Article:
Identity Theft of Children in Foster Care
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- Foster children are highly susceptible to identity theft. Foster care caseworkers can access children’s credit reports under the care of their agency.
- One way to better protect the personal data of children in foster care is to detect and remove inaccurate and/or inconsistent account information from their credit reports.
- Federal law requires all state child welfare agencies to provide children in foster care (ages 16 and older) an annual free copy of their credit report and assistance in interpreting and resolving any inaccuracies.
There are roughly 400,000 children in the United States foster care system and their personal data frequently changes hands on a regular basis, putting them at risk for identity theft. Many people do not establish credit reports until the age of 18, but when bad actors fraudulently use the identity of foster children to open lines of credit to take out loans or open credit cards, it may negatively impact their credit report.
To help address these challenges, federal law requires all state child welfare agencies (CWAs) to ensure that children in foster care who are 16 and older receive an annual free copy of their credit report. Each of the Nationwide Credit Reporting Agencies, including Equifax®, have processes in place to allow foster care caseworkers to request credit reports for the children under the care of their agency. In addition, Equifax will work with the child welfare agencies to ensure children in foster care who are 16 and older receive assistance in interpreting and resolving any inaccuracies in the report.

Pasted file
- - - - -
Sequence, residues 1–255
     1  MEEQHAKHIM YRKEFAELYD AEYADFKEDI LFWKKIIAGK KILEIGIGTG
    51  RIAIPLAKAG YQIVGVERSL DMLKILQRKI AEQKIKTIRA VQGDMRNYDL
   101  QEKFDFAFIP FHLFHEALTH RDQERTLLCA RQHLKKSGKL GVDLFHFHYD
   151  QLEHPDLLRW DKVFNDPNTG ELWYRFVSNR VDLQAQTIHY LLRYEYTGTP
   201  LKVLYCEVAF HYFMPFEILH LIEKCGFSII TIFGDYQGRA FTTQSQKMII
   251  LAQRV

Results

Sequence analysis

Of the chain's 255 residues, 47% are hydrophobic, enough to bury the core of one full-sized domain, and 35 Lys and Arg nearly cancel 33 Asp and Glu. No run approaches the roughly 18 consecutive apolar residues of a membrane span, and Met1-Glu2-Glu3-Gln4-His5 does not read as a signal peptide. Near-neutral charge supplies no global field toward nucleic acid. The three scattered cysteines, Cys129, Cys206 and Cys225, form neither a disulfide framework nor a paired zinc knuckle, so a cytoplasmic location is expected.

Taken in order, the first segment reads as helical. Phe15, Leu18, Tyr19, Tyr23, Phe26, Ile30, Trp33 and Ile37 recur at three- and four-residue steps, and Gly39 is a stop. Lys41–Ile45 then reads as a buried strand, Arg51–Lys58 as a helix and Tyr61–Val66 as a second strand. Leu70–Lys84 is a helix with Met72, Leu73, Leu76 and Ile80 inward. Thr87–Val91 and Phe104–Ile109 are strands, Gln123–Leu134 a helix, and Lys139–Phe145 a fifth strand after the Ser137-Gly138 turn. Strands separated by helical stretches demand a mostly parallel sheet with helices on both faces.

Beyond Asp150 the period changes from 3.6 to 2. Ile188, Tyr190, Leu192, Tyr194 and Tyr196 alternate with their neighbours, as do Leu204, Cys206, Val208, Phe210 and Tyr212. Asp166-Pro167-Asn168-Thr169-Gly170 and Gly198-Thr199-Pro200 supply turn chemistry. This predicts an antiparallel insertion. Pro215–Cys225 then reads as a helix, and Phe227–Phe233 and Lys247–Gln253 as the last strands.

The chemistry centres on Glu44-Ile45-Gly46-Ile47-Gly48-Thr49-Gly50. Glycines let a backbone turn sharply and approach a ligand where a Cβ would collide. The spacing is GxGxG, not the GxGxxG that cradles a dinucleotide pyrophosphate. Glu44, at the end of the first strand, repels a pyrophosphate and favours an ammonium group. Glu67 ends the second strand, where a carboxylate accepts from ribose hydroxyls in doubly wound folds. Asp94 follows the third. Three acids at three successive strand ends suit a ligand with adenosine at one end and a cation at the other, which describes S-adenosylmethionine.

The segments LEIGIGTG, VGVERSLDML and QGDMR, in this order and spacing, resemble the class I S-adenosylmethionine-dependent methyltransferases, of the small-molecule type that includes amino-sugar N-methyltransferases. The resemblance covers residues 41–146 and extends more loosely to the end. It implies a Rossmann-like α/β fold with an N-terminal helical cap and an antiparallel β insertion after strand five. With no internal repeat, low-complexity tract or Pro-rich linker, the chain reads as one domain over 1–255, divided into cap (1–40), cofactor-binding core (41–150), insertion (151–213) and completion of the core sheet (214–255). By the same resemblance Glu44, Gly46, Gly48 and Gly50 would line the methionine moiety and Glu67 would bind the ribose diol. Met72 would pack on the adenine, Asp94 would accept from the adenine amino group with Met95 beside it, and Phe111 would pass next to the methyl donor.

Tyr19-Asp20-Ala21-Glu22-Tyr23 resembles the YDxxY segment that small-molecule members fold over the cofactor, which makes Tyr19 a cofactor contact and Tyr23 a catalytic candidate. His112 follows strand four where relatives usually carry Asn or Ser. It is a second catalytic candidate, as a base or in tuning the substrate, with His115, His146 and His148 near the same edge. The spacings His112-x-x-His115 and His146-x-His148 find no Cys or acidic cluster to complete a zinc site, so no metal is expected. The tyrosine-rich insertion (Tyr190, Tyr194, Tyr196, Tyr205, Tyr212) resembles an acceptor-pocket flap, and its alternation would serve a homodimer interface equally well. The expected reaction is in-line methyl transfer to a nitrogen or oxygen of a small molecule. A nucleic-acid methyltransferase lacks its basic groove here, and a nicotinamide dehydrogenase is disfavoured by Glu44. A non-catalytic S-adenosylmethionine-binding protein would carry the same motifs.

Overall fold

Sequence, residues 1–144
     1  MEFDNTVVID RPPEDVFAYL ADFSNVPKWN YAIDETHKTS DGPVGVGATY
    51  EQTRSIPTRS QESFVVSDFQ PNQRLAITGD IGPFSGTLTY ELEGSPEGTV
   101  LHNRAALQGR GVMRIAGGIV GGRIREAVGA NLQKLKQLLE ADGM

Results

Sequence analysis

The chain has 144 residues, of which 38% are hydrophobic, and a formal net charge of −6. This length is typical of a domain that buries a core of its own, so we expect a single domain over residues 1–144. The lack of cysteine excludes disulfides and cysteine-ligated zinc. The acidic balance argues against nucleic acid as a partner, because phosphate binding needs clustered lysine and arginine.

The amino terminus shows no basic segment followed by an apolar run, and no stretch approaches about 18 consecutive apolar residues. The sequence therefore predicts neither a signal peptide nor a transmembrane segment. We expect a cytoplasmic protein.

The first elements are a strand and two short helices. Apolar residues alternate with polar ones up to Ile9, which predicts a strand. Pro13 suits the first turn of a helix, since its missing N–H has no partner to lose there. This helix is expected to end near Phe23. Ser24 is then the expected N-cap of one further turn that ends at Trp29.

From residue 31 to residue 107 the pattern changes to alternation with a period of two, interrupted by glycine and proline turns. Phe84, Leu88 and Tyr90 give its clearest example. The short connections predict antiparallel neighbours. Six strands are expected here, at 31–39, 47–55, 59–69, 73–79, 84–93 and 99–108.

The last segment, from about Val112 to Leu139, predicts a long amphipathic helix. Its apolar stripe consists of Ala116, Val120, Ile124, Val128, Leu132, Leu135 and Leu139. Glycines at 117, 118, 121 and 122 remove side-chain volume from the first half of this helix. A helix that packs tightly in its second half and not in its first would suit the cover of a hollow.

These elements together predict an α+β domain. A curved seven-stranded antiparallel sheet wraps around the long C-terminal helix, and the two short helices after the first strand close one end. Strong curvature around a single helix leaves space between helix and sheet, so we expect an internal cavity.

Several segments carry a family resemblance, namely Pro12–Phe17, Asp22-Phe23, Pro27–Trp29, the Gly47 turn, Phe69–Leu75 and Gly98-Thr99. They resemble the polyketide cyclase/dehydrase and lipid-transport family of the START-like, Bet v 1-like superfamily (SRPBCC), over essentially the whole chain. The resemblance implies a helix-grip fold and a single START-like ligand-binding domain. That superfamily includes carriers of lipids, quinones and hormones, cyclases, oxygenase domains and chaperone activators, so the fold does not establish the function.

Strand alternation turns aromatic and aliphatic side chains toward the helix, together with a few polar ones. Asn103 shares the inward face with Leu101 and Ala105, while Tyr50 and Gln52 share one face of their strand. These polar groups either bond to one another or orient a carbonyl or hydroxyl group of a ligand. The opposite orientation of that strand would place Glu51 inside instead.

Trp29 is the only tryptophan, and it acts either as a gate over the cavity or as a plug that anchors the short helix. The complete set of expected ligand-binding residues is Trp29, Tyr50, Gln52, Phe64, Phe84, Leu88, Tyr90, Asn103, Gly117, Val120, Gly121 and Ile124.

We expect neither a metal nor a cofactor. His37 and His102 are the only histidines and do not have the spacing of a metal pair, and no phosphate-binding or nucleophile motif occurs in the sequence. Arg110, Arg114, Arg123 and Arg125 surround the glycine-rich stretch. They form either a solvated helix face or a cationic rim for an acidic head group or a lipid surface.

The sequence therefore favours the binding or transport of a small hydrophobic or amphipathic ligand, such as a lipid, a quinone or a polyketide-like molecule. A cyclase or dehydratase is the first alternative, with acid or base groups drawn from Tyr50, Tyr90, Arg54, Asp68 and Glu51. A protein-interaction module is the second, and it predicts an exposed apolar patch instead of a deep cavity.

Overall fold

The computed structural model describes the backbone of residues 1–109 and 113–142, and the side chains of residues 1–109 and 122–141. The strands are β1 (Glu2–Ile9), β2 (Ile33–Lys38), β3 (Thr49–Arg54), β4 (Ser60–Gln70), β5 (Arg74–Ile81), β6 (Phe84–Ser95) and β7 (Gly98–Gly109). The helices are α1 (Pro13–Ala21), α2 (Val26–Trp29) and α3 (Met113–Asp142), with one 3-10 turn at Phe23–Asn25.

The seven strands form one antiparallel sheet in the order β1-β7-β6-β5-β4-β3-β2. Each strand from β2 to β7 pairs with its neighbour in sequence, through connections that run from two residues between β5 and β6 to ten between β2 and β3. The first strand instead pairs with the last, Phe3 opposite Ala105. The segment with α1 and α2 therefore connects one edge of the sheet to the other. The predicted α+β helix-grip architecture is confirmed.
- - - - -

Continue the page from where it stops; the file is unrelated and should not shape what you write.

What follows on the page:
Foster Care Children’s Credit Reports
As a Nationwide Credit Reporting Agency, we have an obligation to assure consumer data and reports are as accurate as possible, following reasonable procedures to assure maximum possible accuracy. At Equifax, we take that obligation very seriously. We are constantly analyzing our policies to ensure that we can effectively detect and remove inaccurate or inconsistent account information.
Protecting a Foster Child’s Credit Report
There are two specific ways to protect a foster child’s credit:
- Request the credit reporting agency place an initial fraud alert lasting up to a year on the child’s file.
This will require creditors to verify identity before granting credit to someone. This extra precaution will prevent fraudsters from applying for credit in the child’s name.
- Request a credit/security freeze to stop a creditor from getting a child’s credit report.
A security freeze will restrict certain access to a child’s credit report, including blocking someone from opening a new account using the child’s identity. To learn about how to place a freeze on a child’s report, you can view our article on freezing a child’s credit report.
Addressing Suspected Identity Theft
If you suspect identity theft of a foster child, here are the steps to take:
- Work with the CWA* to immediately place a security freeze on the child’s credit;
- Contact the credit reporting agency and make sure you have the proper paperwork in hand to demonstrate that you have legal authority to act on the child’s behalf;
- Make sure the error has been removed by requesting confirmation from the credit bureau or pulling a new credit report for child;
- Continue to monitor the child’s credit by pulling an annual credit report.
*Placing and removing credit freezes are matters of state law and can be requested by CWAs on behalf of minor youth and by youth themselves at 18 or older.